Computerized tomography (CT) showed multiple perigastric adenopathies and marked calcification of the entire gastric wall (Figs. 1 and 2). The patient’s laboratory test results reported elevated CEA, CA 125, and CA 19.9 levels. Calcium and phosphorus levels were not altered.

Figure 1.

Coronal view showing diffuse calcification of the entire stomach.

(0.08MB).
Figure 2.

Transversal view showing the thickened and calcified gastric wall.

(0.06MB).

Initial neoadjuvant treatment was performed, given that the patient had compromised lymph nodes. After 4 cycles of chemotherapy, control CT showed important disease progression, with ovarian metastasis and peritoneal carcinomatosis, rejecting surgery as an option. The calcifications had no changes. Finally, the patient died after 14 months of treatment with palliative chemotherapy (FOLFOX).

There are different histologic classifications of gastric cancer that are not mutually exclusive:

  • -

    The WHO distinguishes 5 subtypes: papillary, tubular, mucinous, signet ring cell, and undifferentiated.2

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    Lauren divides them into 2 large groups: intestinal or “well differentiated” and diffuse or “poorly differentiated”. Within the diffuse type, those that produce mucin are classified according to location: intracellular, corresponding to the signet ring cell subtype, and extracellular, corresponding to the mucinous subtype, as classified by the WHO.3 The second of those two subtypes needs a percentage of extracellular mucin above 50% to meet the WHO definition.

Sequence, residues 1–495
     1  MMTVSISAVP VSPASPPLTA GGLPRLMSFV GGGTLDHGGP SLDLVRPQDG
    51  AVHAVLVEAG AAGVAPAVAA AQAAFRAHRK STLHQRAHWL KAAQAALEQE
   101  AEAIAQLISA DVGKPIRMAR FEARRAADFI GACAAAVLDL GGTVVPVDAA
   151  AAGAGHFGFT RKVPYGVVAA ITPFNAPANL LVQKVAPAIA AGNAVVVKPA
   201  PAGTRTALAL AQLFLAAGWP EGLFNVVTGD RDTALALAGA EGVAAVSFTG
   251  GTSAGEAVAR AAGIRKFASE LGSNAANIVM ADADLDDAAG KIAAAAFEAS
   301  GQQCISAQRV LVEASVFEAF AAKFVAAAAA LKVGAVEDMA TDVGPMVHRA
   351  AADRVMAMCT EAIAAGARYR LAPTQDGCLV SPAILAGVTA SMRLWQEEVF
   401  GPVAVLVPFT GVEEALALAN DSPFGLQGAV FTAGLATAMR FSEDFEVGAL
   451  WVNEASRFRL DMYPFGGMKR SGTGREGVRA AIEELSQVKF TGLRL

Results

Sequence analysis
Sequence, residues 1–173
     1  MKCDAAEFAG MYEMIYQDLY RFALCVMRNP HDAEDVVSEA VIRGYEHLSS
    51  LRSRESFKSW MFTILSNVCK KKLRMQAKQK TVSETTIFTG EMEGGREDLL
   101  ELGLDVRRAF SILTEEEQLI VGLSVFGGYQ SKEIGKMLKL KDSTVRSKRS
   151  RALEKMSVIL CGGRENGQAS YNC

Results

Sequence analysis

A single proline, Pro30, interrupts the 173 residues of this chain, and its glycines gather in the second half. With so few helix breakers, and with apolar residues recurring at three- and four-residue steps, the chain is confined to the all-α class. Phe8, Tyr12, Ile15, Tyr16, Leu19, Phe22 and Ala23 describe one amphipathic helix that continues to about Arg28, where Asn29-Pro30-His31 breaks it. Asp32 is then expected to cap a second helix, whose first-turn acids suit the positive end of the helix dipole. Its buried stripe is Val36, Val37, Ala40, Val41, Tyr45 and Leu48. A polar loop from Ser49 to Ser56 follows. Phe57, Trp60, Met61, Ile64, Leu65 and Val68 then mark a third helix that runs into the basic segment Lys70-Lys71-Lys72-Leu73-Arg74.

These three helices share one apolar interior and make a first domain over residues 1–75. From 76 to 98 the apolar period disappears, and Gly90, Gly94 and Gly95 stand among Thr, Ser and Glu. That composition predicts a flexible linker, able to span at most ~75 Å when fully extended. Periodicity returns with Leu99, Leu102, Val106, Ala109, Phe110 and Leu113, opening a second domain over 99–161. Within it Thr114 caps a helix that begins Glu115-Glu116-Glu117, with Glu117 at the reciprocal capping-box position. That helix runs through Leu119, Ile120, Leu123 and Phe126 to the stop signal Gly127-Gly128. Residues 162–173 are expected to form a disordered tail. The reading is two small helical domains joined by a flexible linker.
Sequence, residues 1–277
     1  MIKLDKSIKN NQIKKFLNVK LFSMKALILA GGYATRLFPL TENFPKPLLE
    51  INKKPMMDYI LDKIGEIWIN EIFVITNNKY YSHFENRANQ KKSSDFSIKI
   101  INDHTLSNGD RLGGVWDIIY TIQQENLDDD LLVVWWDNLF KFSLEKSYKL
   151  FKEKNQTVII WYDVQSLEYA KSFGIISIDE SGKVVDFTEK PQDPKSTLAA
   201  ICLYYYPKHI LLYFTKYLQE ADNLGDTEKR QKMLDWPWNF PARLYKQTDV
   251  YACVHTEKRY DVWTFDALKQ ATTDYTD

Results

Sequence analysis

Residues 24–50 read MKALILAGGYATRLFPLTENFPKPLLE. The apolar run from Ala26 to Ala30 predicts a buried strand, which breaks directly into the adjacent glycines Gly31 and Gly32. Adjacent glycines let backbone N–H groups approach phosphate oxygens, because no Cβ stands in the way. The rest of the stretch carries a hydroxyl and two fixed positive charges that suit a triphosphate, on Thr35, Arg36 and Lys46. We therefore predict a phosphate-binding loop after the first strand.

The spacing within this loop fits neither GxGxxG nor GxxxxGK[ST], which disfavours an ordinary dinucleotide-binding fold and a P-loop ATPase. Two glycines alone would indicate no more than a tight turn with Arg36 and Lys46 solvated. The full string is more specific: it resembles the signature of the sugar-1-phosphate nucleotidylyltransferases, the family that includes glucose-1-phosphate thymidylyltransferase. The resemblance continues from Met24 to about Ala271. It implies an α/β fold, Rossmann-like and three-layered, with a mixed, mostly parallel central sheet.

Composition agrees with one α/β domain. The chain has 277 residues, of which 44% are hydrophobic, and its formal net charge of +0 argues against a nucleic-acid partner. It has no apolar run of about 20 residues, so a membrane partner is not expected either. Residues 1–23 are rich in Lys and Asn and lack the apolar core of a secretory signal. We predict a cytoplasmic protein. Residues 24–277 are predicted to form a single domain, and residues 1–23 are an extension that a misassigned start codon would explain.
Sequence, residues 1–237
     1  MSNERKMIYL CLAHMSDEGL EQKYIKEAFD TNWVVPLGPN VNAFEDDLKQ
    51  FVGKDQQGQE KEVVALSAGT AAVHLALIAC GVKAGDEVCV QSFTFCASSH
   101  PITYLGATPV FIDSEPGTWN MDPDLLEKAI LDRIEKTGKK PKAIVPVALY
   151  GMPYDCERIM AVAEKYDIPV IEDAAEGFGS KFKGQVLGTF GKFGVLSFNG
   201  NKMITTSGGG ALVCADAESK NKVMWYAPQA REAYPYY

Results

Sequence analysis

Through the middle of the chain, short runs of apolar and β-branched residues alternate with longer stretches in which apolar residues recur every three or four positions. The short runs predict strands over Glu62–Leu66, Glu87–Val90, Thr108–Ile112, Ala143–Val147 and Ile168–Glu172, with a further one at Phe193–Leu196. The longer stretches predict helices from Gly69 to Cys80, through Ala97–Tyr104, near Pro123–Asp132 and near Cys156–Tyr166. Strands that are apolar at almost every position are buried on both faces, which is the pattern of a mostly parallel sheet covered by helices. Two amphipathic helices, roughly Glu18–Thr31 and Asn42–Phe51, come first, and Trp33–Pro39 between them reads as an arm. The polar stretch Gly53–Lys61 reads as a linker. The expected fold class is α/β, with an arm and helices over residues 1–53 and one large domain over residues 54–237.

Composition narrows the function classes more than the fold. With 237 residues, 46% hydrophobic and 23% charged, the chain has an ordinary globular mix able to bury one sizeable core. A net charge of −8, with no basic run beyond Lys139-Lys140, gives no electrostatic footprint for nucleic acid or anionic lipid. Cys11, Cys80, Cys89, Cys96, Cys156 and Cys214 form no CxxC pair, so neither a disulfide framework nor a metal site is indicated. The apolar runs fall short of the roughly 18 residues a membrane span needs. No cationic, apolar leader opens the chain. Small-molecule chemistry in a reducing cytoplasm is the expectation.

• -

    Ming established 2 large groups: expanding and infiltrative. The mucinous type is included in the infiltrative subtype, given that it is proposed to be a variant of the signet ring cell subtype.

Calcification in gastric cancer belongs to a complex pathophysiology that is not completely understood. Said calcifications have been described as being induced by macrophage-produced osteopontin.4 In theory, 3 types of calcification are distinguished: coarse or heterogeneous; punctate or mucinous; and psammomatous.5

A priori, coarse calcification is larger and produced by dystrophic changes in a context of necrosis, bleeding, and inflammation that leads to the tissue degeneration inherent in hypoxia and tissue ischemia due to tumor size.6,7